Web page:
GALESBURG, Ill. — In the days after Galesburg Cottage Hospital's closure, some employees are realizing there may be more to their termination than what they originally thought.
News 8 spoke to one now-terminated nurse who was let go shortly after the hospital closed its doors on Saturday, Jan. 8, and pronounced all services would be temporarily suspended. She claims that the hospital's administration knowingly hired her to work under a company other than Cottage, making her as a temp agent without telling her.
Her identity is being kept secret, for safety purposes.
This nurse alleges that she was one of nearly 100 employees hired over the course of 2021. She was offered her job in the summer of last year, with the intention of working at Cottage. It was where she reported to work each day and also who she thought she was employed under.
On her hiring paperwork, shared with News 8, everything, from the logos to the specific wording within (including the opening line, reading, "Welcome to Galesburg Cottage Hospital!") indicated she was working for Cottage. At the end of the letter, signed by Dawn Tatro in Human Resources, it reads, "Again, welcome to Cottage Hospital!"
The employee was also offered a $10,000 signing bonus, which was to be paid out over six-month increments over the next two years. She confirmed that she did receive the first payment of $2,500.
But after being terminated, she was sent a proof of claim form in the mail, and began thinking things weren't right.
That proof of claim, shared with News 8, appears to be for employees whose business has gone bankrupt. The employee tells us she was confused, since Cottage Hospital hadn't filed for bankruptcy. Instead, the Knox Clinic Corporation had filed for Chapter 11 bankruptcy on Jan. 3.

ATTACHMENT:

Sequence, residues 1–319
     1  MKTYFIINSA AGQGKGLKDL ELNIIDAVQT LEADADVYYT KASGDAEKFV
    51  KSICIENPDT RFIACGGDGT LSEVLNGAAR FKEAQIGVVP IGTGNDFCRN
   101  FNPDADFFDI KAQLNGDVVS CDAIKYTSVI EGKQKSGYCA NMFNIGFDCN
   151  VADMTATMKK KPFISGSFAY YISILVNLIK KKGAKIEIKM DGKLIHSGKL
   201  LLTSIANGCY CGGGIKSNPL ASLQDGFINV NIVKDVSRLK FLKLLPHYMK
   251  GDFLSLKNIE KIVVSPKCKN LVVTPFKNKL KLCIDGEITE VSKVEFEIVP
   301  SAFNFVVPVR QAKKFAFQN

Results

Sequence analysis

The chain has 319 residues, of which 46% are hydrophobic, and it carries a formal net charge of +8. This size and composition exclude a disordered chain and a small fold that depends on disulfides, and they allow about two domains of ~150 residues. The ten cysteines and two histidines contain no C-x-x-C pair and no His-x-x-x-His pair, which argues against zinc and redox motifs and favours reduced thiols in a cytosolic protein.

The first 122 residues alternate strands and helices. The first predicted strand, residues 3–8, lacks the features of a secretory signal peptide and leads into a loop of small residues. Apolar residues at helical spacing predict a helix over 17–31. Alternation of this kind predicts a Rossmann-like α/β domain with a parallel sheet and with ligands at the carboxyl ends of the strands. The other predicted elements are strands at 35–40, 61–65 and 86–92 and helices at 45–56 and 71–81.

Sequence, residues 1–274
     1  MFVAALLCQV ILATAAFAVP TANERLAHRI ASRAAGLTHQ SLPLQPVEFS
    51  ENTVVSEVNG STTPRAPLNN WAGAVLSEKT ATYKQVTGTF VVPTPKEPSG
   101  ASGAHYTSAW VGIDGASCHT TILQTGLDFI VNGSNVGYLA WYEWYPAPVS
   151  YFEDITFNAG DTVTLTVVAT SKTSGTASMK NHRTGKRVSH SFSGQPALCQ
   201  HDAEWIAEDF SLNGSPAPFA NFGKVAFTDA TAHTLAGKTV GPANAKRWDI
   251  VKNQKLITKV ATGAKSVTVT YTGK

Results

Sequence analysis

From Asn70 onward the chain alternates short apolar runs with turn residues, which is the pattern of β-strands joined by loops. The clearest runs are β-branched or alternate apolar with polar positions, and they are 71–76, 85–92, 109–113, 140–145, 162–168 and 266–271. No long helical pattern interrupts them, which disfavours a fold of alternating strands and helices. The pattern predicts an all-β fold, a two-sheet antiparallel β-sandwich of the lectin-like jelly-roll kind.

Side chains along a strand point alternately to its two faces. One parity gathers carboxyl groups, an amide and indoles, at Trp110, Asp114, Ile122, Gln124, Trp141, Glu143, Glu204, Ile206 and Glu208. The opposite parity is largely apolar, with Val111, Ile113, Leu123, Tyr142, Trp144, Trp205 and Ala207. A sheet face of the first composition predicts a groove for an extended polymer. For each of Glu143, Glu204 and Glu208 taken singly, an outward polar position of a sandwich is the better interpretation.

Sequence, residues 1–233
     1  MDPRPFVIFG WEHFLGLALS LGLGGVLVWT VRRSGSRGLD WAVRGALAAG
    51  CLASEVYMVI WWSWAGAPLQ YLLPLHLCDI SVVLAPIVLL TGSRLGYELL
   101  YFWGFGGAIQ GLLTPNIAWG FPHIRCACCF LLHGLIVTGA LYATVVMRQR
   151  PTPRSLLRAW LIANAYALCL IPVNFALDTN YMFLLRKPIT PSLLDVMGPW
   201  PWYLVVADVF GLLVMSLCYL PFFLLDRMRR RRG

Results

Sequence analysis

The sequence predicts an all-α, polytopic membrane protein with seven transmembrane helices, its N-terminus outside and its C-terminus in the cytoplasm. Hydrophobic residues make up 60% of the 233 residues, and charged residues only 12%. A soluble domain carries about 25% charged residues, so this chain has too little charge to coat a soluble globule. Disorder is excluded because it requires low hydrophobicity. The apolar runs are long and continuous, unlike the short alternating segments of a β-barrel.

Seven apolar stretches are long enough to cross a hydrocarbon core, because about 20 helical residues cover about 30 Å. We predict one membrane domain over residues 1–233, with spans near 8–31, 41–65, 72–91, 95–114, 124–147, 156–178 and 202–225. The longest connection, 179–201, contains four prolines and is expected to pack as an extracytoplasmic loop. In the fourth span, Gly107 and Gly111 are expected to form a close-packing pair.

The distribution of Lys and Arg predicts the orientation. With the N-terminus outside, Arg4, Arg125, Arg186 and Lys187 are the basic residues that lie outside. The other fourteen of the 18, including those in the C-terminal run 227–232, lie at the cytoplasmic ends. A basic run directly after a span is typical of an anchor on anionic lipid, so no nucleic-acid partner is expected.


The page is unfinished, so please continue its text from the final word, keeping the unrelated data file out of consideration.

The clinic is a completely separate business from the hospital, although the two are closely associated and owned by the same family: Dr. Sanjay Sharma, his wife, Priyam and son, Sanyam.
It wasn't long until the nurse realized she was getting the form because she was technically employed under the Knox Clinic Corporation, according to her former owners. And instead of telling her, they had allegedly been having her work at Cottage as a temp agent without telling her.
"All of us thought we were working at Cottage, not the clinics," said the nurse. "I had no idea I was temp-agencied over to the hospital!"
That distinction means that her, and any other employees working under the clinic, are ineligible for the severance packages that Cottage employees have been receiving.
We should note that multiple staff members have showed their severance offers to News 8 and range anywhere from $1,000 to just over $3,000. Additionally, many former employees have alleged they haven't been paid for several days of work and have been unable to get answers on how they'll be paid for unused vacation days and similar promised expenses.
"We really can't do much, we're just kind of out of luck," said the former employee. "We've been given no instruction on how to fill out this form or anything. There's not much we can do, as employees, on the bankruptcy side of things due to them hiring us on the other side."
But there may be hope for this employee and others in her same situation.
One Rock Island lawyer News 8 spoke to suggests this particular employee, along with all of her former colleagues who were working as temp agents, file a lawsuit against Cottage. In fact, he says they could potentially bring this matter to the attention of the Illinois Attorney General.
He argues the paperwork that specifically mentioned Cottage, along with the employees handbook given out to this nurse which also mentions Cottage, are a strong argument that she was deceived.
But for now, the nurse tells us she feels stuck, and has yet to see the remaining $7,500 of her signing bonus. Now, she says she's just trying to navigate having no job, no insurance, and no answers from the hospital or the Sharma family.
Cottage Hospital and the Sharmas did not respond to requests for comment on this story.